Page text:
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Re: Ferment temp. question

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  • Harry
    ... it is ... seen ... working more ... away, or ... like belts, ... do ... fermenter ... and have a ... Hi Larry, I appreciate your help in steering newbies
    Message 1 of 4 , Dec 30, 2006
      --- In new_distillers@yahoogroups.com, Larry <larry@...> wrote:
      > At 10:28 AM 12/30/2006, you wrote:
      > >I just did a temp reading where I have whiskey mash sitting and
      it is
      > >about 50F degrees. It is bubbling, but not a actively as I have
      > >wines in the past.
      > >Is this too cold?
      > It is, if you want it to ferment quickly.
      > So long as it's still bubbling, the yeast is still alive, just
      working more
      > slowly. You might want to keep it from getting any cooler, though.
      > Shine a 65-watt or 150-watt floodlight on it from a couple of feet
      away, or
      > wrap a heating pad around it. You can get heating pads that are
      like belts,
      > for wrapping around your torso.
      > Yeast dies from the heat somewhere between 86F and 96F, so don't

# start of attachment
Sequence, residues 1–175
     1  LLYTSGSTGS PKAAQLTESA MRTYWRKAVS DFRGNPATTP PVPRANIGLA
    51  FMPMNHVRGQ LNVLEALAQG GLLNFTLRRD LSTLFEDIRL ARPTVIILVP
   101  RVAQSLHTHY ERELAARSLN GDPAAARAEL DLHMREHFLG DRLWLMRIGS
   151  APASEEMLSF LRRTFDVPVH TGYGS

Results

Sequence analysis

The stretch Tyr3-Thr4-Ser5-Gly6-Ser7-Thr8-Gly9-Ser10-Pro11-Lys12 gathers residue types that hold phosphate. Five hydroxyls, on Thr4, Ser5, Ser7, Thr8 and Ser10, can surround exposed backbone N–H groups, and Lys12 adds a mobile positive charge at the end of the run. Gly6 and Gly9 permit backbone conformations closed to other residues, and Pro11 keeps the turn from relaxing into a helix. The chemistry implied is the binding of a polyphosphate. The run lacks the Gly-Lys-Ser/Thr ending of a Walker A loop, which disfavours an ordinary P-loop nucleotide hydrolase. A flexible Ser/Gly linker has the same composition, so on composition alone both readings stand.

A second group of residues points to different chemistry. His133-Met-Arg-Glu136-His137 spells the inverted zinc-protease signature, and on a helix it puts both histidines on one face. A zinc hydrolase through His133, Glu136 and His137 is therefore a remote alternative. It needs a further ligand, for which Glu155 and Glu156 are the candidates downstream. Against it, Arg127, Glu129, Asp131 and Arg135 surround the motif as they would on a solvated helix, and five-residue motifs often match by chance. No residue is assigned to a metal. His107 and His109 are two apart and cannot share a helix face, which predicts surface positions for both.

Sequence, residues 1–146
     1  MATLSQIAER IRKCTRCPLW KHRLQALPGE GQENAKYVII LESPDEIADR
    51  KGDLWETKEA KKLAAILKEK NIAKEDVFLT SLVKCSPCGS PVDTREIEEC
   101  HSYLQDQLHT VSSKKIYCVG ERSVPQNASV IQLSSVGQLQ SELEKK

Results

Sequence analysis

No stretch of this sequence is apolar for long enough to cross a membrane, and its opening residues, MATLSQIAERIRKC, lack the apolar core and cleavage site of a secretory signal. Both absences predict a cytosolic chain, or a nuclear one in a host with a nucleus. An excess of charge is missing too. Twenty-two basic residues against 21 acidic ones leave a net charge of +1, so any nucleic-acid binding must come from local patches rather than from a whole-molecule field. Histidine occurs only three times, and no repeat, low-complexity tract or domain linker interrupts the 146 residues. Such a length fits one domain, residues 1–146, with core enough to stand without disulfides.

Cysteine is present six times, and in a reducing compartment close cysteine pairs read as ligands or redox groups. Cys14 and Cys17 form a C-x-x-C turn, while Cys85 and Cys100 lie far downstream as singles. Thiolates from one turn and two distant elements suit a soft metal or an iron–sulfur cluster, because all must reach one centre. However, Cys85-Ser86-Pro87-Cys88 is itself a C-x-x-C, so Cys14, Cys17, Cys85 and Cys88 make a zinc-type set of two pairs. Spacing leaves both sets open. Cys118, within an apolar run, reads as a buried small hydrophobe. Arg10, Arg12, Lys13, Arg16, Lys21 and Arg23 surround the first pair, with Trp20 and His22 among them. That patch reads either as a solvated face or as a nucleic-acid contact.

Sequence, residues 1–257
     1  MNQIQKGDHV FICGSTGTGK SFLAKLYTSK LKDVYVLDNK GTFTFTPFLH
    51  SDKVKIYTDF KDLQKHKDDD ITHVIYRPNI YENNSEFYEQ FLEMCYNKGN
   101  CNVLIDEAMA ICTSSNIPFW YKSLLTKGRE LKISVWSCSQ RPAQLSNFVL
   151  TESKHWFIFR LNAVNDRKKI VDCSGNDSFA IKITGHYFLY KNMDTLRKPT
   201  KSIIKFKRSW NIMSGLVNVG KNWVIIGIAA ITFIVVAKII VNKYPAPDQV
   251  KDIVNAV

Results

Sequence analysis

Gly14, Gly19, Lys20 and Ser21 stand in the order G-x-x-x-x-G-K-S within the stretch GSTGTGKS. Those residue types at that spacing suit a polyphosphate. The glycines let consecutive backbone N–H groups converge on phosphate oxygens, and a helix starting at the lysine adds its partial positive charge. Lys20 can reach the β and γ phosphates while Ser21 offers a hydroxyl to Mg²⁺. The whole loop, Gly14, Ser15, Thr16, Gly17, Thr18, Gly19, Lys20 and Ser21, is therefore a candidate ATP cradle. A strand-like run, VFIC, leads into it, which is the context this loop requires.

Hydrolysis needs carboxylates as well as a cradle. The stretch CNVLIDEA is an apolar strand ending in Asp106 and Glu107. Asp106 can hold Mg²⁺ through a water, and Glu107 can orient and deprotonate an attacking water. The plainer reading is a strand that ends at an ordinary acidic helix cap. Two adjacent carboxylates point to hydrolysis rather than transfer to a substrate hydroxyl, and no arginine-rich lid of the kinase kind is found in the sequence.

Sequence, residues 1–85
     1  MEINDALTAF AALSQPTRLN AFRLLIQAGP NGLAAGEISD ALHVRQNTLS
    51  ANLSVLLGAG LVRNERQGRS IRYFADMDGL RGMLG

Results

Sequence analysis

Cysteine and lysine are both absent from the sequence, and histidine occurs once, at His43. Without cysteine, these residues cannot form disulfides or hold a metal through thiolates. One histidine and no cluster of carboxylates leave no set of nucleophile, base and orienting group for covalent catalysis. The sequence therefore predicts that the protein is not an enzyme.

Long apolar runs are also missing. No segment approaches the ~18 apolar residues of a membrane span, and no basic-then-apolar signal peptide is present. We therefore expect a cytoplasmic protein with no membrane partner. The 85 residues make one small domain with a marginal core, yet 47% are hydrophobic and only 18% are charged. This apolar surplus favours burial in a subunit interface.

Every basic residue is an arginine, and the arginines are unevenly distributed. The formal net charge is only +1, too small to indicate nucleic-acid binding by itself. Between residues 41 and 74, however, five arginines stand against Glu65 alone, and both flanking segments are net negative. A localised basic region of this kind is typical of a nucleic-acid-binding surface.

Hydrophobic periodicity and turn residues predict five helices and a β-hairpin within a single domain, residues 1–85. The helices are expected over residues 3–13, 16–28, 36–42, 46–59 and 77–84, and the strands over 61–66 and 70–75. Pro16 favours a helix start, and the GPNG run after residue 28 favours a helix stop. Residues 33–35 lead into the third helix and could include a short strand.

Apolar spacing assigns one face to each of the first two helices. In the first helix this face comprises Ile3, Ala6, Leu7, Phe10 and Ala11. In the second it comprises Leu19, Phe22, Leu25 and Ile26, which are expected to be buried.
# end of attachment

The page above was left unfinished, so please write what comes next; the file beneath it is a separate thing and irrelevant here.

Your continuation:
> anything that's going to make it too hot over a period of days.
      > Also, don't shine a 150-watt or 250-watt floodlight on a plastic
      > at too close a distance, or you'll melt a hole in the side of it
      and have a
      > sticky, sugary mess all over everything.
      > The action of the yeast itself will generate some heat.

      Hi Larry,
      I appreciate your help in steering newbies in the right direction.
      But can I make a suggestion without you gettin' all antzy & thinkin'
      I'm pickin' on ya? (benefit of all, & all that). Take a moment to
      check the validity of what advice you're giving.

      Generally what you're saying is ok, But...

      Lightbulbs as a heater source can lead to a condition known
      as 'lightstrike' (check the archives here & Distillers). Beer
      brewers know all about this; it forms 'skunked' beer, full of
      obnoxious-smelling Mercaptans. Lightbulbs are fine if the light is
      blocked from direct mash contact via blankets or whatever.

      Also, yeast doesn't 'die' at those temps. It goes into suspended
      animation. Even frozen yeasts can be thawed with viable results.
      What yeast DOES do outside its normal operating temps (high OR low),
      is to make undesirable substances (stress factors) that show up in
      your product.

      Yeast don't normally 'die' (explode) until the temp reaches ~60
      degC, although they make a lot of nasty crap under stress long
      before they reach that stage. The best approach is to keep things
      the way that particular strain of yeast prefers, temp-wise, pH-wise
      AND nutrient-wise. Keep the buggers happy & they'll work their
      asses off for ya. :)

      regards Harry
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